Maybe you could translate that for me. I’ve never heard two people use the word “refactor” with anything like the same meaning.

I write code for correct and stable execution. If unit testing leads to compromise of that goal then that argues against unit testing. As I have said elsewhere, the more I learn about unit testing the less I like it and the more I advocate traditional blackbox testing.

As plainly as I can say it, testing is secondary, it is not the goal of our work.

Unit testing requires more and more compromises, This is another of those imperatives, like people who argue for early returns over an unexamined assertion that “indentation is bad.”

So now I am hearing that I should “refactor” (doesn’t that just mean “edit?” Why not just say “edit” instead of bludgeoning me with jargon?) my code to make it testable in a fashion that I don’t see a lot of value in. Should I make private functions public to make them testable? Should I adulterate the design with test-only code paths? How far does this unit testing imperative extend?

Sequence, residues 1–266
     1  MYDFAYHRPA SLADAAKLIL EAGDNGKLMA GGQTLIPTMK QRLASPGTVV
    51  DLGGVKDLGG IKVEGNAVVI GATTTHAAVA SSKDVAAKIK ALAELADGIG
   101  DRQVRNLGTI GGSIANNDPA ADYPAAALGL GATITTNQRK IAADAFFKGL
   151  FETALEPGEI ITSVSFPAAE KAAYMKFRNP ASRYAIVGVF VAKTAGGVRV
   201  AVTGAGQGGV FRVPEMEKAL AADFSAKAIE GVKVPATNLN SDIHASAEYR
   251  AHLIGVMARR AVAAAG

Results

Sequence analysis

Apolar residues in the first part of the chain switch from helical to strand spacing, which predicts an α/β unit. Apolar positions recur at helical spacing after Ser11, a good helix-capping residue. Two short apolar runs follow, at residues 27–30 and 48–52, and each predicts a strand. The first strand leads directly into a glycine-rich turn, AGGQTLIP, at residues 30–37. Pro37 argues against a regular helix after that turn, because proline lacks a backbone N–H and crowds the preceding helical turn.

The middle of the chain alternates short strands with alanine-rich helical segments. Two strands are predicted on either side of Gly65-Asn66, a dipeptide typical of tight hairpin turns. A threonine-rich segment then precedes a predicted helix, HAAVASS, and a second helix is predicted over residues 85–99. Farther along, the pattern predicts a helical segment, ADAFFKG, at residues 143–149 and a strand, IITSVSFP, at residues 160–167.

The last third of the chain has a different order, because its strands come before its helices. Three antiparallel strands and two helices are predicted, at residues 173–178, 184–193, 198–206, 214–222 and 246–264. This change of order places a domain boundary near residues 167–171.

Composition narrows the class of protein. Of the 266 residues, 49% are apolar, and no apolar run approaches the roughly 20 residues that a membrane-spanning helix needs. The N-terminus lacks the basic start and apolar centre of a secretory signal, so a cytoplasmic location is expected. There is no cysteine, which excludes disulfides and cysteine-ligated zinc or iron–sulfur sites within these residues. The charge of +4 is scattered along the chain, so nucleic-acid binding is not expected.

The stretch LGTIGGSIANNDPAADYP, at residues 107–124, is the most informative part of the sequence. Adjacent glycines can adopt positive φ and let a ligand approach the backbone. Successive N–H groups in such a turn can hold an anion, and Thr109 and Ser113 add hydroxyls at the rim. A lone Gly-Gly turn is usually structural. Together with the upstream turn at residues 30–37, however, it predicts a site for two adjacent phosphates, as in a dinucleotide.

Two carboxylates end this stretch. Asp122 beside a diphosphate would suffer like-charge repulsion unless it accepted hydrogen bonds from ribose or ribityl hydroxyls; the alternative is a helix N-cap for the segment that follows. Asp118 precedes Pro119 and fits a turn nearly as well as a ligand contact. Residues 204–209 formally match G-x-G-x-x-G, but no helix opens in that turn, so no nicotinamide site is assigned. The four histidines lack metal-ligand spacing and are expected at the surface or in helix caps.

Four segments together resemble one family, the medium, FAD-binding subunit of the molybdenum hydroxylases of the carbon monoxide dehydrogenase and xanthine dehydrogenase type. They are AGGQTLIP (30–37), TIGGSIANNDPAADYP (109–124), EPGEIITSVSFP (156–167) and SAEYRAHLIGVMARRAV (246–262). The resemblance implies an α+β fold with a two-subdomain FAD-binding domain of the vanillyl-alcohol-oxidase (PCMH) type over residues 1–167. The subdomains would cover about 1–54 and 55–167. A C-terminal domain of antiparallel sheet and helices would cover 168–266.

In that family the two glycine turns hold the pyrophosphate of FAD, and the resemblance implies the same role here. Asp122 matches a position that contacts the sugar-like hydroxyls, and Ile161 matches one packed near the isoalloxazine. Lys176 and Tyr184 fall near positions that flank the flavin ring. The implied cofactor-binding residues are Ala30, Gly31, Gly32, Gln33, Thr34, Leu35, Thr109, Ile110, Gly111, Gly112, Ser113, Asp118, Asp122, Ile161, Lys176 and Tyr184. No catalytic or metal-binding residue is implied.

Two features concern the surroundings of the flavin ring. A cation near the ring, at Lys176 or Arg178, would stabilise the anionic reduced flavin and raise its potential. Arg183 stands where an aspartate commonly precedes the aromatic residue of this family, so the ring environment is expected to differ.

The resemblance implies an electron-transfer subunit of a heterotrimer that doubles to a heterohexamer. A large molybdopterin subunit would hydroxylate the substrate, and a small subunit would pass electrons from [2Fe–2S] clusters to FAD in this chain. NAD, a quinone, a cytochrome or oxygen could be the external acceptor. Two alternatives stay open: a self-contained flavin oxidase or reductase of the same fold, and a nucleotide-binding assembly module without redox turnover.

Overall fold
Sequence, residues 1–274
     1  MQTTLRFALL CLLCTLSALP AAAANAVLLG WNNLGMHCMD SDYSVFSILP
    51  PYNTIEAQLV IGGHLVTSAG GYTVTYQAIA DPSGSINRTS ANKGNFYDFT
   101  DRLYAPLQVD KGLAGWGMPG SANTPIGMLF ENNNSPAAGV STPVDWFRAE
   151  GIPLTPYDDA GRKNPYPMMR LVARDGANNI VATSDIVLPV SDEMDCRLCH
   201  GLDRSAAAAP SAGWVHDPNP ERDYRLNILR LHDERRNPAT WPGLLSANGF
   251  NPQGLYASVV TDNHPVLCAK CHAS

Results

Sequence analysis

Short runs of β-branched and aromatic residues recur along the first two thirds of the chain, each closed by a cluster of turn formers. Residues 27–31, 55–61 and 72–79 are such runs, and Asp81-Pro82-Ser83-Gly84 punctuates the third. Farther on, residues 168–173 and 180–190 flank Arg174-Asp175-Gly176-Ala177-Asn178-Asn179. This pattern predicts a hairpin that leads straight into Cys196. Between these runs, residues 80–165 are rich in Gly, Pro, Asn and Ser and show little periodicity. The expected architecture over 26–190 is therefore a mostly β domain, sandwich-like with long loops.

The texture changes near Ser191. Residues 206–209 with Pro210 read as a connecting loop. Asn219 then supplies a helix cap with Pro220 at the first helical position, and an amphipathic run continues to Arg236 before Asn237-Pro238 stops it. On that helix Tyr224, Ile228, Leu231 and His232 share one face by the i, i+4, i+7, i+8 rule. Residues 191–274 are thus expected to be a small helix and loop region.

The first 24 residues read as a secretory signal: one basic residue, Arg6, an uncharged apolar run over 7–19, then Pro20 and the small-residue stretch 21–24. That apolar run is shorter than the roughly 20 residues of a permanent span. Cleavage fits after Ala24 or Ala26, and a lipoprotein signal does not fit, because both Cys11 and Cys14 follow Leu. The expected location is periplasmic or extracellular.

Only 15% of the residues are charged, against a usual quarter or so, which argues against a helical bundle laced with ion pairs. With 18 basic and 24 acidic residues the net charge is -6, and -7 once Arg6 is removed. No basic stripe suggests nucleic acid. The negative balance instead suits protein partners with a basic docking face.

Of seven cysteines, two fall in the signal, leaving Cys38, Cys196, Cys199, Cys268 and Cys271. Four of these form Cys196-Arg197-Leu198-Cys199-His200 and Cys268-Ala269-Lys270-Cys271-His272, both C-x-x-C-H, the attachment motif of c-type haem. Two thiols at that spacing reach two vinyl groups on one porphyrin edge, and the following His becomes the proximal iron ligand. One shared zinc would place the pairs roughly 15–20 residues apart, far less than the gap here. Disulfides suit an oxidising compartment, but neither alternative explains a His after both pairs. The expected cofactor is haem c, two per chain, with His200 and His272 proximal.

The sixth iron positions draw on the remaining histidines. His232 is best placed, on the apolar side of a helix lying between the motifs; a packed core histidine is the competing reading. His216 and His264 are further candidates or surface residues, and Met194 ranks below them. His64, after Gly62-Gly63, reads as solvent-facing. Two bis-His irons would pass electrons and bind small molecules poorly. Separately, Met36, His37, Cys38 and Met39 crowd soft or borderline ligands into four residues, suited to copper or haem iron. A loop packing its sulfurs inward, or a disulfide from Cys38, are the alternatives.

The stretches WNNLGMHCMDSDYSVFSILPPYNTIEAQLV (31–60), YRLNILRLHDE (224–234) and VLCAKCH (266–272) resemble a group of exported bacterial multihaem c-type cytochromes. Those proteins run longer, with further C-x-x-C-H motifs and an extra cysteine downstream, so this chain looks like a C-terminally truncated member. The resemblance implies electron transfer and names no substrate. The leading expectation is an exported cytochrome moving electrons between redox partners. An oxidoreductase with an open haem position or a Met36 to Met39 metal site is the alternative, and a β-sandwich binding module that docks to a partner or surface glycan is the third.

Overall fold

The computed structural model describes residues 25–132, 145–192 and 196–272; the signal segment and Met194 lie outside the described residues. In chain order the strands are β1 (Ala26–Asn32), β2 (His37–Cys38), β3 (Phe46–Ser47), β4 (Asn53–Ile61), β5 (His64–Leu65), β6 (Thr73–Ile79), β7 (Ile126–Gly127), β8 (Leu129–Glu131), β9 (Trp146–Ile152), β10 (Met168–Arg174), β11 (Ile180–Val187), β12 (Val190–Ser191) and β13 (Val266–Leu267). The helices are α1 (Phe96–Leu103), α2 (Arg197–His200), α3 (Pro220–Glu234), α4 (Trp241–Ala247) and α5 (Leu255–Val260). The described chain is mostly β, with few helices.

I addressed this more specifically a few days ago.

Written by

American Software Developer living in Vietnam. Classical musician (guitar, woodwinds), weightlifter, multilingual, misanthrope • XY

Get the Medium app

A button that says 'Download on the App Store', and if clicked it will lead you to the iOS App store
A button that says 'Get it on, Google Play', and if clicked it will lead you to the Google Play store